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About Vadim Korkin

Vadim Korkin
Vadim is a senior software engineer with lots of experience with different software technologies including Java, Javascript, databases (Oracle and Postgres), HTML/CSS and even machine learning. He likes learning new technologies and using the latest libraries in his work. Vadim also has some personal projects on Github

IDE approach to log analysis pt. 1

Intro

I think most software engineers understand the importance of logs. They have become part of software development. If something doesn’t work we try to find the cause in the logs. This could be enough for simple cases when a bug prevents an application from opening a window. You find the issue in the logs, look it up on Google and apply the solution. But if you are fixing bugs in a large product with many components analyzing logs becomes the main problem. Usually sustain engineers (who are fixing bugs not developing new features) need to work with many hundreds of megabytes of logs. The logs are usually split into separate files 50-100 MB each and zipped.

There are several approaches to make this work easier. I’ll describe some existing solutions and then explain a theoretical approach to this problem. This blog post will not discuss any concrete implementations.

Existing Solutions

Text Editor

This solution is not actually a solution it is what most people would do when they need to read a text file. Some text editors could have useful features like color selection, bookmarks which can make the work easier. But still the text editor falls short of a decent solution.

Logsaw

This tool can use the log4j pattern to extract the fields from your logs. Sounds good but these fields are already obvious from the text. Clearly the improvement is insignificant over a simple text editor.

LogStash

This project looks pretty alive. But this approach is quite specific. Even though I’ve never worked with this tool from the description I understood that they use ElasticSearch and simple text search to analyze logs. The logs must be uploaded somewhere and indexed. After that the tool may show the most common words, the user may use text search etc. Sounds good, seems to be some improvement. Unfortunately not so much. Here are the cons:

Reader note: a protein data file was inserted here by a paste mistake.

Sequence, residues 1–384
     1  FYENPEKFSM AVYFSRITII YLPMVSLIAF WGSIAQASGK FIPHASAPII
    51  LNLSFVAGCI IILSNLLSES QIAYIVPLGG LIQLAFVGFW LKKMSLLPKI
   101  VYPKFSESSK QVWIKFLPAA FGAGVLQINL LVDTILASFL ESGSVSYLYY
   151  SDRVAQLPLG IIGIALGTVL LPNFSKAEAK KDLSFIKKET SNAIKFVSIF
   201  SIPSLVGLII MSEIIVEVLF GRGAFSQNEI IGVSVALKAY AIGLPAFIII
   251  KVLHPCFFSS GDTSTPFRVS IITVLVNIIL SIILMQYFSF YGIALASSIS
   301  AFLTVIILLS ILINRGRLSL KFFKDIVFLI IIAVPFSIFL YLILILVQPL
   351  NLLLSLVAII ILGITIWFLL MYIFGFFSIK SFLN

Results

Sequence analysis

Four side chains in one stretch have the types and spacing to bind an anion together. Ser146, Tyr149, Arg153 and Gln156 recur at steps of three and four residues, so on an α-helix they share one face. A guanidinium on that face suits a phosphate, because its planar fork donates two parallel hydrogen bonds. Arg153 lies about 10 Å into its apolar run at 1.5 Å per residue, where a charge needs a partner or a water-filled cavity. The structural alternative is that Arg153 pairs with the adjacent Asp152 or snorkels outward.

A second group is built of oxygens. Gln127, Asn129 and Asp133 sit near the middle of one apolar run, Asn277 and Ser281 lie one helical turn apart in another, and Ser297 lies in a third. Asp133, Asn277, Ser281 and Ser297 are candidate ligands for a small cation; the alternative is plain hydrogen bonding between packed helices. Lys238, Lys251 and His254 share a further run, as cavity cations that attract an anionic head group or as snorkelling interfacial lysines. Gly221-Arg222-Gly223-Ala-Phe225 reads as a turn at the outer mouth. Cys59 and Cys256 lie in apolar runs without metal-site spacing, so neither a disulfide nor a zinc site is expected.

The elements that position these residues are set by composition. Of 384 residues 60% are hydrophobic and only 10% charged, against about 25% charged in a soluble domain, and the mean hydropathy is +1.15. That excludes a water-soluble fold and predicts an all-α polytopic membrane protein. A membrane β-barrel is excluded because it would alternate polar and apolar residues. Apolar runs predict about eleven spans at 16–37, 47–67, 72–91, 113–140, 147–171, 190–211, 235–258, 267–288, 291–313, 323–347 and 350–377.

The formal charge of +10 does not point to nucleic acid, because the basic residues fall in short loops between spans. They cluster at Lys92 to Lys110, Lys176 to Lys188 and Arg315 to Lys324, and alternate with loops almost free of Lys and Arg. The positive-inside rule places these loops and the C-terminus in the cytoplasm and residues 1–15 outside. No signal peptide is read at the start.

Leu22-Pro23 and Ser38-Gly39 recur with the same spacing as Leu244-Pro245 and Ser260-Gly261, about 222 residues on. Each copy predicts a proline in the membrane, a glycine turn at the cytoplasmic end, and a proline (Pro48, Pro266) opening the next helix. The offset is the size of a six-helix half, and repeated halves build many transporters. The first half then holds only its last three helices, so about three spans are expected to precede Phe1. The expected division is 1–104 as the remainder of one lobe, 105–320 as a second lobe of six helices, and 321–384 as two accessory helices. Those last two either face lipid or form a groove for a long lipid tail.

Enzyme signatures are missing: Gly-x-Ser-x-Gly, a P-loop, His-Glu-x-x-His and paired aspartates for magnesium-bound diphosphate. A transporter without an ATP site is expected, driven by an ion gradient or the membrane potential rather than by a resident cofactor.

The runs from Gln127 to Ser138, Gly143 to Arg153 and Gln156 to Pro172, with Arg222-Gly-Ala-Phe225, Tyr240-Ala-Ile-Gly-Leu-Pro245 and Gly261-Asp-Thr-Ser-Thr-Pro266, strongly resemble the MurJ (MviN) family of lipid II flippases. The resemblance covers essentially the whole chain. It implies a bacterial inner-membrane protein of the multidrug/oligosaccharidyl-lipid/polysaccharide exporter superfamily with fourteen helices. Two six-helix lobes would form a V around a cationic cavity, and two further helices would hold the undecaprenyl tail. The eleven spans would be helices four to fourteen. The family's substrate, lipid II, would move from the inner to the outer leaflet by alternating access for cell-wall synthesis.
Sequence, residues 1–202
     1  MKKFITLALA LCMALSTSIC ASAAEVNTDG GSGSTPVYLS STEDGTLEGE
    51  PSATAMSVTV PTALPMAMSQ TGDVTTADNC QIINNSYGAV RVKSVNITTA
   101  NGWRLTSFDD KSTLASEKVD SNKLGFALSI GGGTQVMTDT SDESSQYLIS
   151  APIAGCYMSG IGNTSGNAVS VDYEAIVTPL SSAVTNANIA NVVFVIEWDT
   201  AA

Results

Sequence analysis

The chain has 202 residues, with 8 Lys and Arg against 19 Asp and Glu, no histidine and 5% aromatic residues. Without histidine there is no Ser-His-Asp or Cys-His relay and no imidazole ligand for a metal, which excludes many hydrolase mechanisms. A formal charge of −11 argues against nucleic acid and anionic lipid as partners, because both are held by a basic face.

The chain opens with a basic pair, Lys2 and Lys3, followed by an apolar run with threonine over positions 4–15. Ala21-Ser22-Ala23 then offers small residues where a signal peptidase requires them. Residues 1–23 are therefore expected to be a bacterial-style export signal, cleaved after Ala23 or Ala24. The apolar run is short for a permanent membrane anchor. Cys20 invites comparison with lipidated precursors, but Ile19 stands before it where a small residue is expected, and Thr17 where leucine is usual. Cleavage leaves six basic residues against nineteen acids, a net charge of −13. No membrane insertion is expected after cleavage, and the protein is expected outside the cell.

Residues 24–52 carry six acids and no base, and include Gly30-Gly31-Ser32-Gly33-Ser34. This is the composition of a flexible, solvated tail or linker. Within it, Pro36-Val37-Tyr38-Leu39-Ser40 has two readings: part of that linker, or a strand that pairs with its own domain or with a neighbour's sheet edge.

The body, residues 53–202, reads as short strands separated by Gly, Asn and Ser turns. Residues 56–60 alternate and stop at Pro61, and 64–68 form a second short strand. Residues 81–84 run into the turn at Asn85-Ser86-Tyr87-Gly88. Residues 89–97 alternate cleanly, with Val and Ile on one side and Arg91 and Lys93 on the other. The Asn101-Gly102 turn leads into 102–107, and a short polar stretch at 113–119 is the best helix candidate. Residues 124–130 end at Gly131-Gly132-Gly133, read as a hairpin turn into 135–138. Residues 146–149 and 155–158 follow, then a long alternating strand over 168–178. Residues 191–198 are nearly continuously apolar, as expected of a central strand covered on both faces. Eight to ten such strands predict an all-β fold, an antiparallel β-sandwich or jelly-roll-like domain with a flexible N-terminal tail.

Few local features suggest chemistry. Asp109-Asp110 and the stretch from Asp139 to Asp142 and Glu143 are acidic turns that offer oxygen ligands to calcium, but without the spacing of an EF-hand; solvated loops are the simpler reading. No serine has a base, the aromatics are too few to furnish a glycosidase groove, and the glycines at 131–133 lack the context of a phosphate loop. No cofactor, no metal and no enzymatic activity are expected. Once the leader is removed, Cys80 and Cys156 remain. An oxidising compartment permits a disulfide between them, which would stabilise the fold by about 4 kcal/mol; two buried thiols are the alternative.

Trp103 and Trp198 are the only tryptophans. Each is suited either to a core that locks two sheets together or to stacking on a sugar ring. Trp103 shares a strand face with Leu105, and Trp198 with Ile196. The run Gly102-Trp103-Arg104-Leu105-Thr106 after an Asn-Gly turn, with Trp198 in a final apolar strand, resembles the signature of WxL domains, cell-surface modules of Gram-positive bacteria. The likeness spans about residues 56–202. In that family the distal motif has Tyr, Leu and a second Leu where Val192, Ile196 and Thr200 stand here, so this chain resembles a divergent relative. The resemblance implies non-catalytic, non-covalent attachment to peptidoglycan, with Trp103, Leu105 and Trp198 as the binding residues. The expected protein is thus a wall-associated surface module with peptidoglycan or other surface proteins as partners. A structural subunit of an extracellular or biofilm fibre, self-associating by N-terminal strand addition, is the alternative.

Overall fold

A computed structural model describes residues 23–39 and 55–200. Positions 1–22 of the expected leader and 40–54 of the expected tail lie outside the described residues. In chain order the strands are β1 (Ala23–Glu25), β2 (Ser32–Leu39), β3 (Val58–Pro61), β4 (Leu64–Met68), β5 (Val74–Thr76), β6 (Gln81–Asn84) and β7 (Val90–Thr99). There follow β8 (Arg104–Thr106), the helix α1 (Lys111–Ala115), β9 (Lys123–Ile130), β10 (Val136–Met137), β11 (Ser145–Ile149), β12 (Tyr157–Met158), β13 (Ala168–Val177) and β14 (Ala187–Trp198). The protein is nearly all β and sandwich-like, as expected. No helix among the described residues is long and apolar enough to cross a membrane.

• Some time is required to begin working with the logs. One has to upload them, index them. After the work is done these logs must be removed from the system. Looks like a little overkill if the logs are meant to be analyzed and discarded.
  • A lot of components involved with a lot of configuration necessary.
  • Full text search is not very useful with logs. Usually the engineer is looking for something like “connection 2345 created with parameter 678678678”. Looking for “created with parameter” will return all connections. Looking for “connection 2345” will return all such statements but usually there is only one – when this connection was created.

Other Cloud-based Solutions

There are a lot of cloud-based solutions available. Most of them have commercial plans and some have free plans. They offer notifications, visualizations and other features but the main principles are the same as for LogStash.

Log Analysis Explained

To understand why these solutions do not perform well for analyzing complex issues we need to try to understand the workflow. Here is a sample workflow with the text editor:

  1. An engineer received 1 GB of logs with the information that the bug happened at 23:00 with request ID 12345.
  2. First he or she tries to find any errors or exceptions around that time.
  3. If that fails the engineer has to reconstruct the flow of events for this request. He or she begins looking for statements like “connection created”, “connection deleted”, “request moved to this stage” trying to narrow down the time frame for the issue.